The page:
Sicily thought about it, shook her head and said, "Nah. I am pretty sure I didn't like her because the past couple mornings I have been mad at you. I liked her better today."


Thursday, January 16, 2014

Eleven Months, Twelve Hours, Nineteen Minutes

As I type this, it is eleven months, twelve hours and nineteen minutes since Dane died.

That means in less than a month it will be one year. Time has never moved so glacially and so quickly at the same time.

I accept it, but I still find it hard to believe. Wonder what stage of grief that is. In some ways, we are probably still in shock. In others, we have no choice but to move forward.

Only fifteen days left of the Year of the Snake. We will celebrate by eating Chinese food until we roll away from the table. We will unfurl our fortune cookies and take the fortune as The Gospel; we will eat the cookie, gluten be damned.

Lots to think about and write about at this moment, but I can't quite gather my thoughts together. In the coming days I will write more, but for now, this is enough.

Eleven months, twelve hours, twenty-four minutes...

Friday, January 10, 2014

On the Mat

Dude. I almost lost it at yoga tonight.

La and I have started a 14-day yoga blitz, trying to jump start a habit and also see if we like the studio. Tonight was day four; we missed class this morning, so we decided to take this evening's "TGIF" class, a mixed level, vigorous practice.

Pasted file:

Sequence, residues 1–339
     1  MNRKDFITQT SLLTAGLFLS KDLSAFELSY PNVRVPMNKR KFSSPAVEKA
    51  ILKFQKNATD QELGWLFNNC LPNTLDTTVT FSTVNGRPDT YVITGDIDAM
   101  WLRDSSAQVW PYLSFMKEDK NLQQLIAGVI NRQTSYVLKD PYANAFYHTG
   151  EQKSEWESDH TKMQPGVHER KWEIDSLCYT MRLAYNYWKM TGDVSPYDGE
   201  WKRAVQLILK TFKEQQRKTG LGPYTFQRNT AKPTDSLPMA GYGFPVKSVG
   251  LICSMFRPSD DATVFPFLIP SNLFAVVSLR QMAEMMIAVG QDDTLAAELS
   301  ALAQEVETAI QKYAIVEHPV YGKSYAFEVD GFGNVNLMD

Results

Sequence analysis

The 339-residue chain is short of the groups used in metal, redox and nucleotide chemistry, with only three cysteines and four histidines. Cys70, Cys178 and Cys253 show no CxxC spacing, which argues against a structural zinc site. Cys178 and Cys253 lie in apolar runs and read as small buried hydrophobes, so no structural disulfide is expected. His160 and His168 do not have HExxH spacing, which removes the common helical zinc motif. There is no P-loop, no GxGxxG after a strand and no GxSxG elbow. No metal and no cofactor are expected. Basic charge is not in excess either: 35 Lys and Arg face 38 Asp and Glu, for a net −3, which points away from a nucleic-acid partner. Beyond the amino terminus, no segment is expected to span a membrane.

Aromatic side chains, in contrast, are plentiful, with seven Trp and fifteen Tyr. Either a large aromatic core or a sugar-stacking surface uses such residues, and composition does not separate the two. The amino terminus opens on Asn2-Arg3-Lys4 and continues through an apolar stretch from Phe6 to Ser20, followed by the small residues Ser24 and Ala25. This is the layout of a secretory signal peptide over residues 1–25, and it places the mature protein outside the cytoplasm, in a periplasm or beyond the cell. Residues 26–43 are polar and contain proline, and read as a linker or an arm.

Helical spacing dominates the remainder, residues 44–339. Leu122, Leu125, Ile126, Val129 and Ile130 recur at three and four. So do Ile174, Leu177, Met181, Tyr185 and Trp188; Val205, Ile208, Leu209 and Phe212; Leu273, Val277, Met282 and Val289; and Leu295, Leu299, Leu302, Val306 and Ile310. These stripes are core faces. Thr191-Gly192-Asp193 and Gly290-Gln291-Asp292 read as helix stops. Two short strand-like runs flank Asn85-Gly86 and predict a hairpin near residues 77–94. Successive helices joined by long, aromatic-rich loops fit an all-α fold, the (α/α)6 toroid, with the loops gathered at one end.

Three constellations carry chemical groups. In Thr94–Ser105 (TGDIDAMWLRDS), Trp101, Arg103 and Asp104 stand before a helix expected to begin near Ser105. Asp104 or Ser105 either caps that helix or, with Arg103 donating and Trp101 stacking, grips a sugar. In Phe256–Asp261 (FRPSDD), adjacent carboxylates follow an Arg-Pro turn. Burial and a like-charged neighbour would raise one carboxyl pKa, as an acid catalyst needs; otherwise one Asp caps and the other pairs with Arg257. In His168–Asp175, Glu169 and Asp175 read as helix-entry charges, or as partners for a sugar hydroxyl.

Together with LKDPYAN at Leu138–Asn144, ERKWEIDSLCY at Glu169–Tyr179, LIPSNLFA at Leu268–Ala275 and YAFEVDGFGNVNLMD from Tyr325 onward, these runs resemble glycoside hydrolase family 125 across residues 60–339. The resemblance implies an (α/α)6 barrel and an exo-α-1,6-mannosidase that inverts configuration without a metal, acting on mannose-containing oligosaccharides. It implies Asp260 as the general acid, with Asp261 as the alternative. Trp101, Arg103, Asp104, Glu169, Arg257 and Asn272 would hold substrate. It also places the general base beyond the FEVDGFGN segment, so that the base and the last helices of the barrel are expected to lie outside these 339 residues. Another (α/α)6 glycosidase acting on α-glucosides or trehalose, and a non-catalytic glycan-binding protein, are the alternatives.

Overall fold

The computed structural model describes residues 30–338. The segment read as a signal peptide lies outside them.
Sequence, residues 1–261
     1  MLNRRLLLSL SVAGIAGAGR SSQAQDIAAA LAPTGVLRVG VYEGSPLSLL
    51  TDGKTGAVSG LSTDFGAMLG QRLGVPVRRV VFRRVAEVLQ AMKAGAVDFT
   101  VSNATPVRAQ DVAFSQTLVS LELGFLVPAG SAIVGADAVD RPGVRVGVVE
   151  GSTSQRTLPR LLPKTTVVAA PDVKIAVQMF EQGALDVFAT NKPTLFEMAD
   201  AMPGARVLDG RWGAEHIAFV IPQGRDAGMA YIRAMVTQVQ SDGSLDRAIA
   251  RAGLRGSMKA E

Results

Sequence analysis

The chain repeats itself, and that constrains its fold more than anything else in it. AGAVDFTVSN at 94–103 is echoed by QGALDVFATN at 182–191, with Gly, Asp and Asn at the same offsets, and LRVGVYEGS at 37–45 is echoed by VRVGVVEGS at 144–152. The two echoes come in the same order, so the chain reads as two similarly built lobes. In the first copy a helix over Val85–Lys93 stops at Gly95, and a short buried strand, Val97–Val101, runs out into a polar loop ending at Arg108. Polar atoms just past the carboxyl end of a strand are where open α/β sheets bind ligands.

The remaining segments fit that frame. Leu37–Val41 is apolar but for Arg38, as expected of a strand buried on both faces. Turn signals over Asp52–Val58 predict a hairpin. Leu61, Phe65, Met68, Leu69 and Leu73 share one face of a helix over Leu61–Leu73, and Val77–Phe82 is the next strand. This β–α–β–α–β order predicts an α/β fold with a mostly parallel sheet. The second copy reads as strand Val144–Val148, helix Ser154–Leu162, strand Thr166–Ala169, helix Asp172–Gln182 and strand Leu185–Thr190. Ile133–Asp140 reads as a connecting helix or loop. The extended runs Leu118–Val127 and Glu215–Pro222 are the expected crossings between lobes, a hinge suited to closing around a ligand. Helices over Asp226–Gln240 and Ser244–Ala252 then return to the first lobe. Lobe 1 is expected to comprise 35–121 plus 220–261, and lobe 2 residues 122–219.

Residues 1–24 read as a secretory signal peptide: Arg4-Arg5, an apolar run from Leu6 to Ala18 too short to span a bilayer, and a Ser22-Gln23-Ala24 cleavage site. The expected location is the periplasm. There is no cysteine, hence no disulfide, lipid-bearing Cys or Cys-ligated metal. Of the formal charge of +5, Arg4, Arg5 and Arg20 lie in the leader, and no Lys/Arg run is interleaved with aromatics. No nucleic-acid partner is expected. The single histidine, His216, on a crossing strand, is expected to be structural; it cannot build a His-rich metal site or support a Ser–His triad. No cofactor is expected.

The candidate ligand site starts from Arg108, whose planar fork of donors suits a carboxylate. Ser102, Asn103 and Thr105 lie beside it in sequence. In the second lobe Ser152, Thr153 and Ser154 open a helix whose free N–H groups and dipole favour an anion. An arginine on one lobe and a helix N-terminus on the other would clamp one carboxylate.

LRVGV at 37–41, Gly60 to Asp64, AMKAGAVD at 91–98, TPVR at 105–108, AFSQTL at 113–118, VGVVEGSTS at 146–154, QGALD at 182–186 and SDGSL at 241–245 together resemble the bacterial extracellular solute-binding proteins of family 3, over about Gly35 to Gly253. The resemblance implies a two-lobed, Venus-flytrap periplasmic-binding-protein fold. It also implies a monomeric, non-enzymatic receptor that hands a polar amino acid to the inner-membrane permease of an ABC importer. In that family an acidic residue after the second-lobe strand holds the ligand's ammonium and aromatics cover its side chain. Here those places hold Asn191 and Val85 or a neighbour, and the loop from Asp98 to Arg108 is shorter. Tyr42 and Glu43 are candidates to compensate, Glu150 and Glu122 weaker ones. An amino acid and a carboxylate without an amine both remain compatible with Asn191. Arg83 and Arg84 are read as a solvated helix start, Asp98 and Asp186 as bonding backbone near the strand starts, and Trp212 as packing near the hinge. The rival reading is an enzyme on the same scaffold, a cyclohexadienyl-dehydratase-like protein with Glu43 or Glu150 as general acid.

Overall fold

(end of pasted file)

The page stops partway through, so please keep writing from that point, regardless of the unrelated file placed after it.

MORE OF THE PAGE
So we were moving from standing poses to handstands towards the end of the 90-minute class. Handstands in the middle of the room, not against a wall.

The teacher walks us through the pose and its modifications for those of us who have never done handstands. Then she starts talking about trusting your ability to support yourself.

My hands are on the mat, wrist creases parallel with the edge of the mat.

My shoulders are on my back and engaged, and I am on my hands and knees. I straighten my legs, walk myself up until I am transferring my weight from the back of my body to my hands, sort of. I stand on the tops of my toes, like a ballerina en pointe. My arms are strong, my gaze is at the floor slightly in front of my hands, and that's as far as I can go.

I can't support myself on my hands; to let go and lift my feet from the floor would be disastrous.

It's a stupid fucking metaphor.

The best I can do at this point is come back to the mat, and support myself on my hands when I can.

And isn't that just the way?